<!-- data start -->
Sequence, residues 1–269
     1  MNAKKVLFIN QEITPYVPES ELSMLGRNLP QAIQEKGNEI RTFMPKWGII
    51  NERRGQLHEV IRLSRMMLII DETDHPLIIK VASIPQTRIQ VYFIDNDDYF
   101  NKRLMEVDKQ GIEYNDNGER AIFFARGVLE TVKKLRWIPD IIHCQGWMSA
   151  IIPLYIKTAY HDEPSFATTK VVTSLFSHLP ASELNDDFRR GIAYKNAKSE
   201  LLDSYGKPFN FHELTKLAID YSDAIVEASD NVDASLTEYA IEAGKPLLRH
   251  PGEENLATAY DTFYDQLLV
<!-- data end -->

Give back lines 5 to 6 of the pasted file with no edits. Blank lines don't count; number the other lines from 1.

   151  IIPLYIKTAY HDEPSFATTK VVTSLFSHLP ASELNDDFRR GIAYKNAKSE
   201  LLDSYGKPFN FHELTKLAID YSDAIVEASD NVDASLTEYA IEAGKPLLRH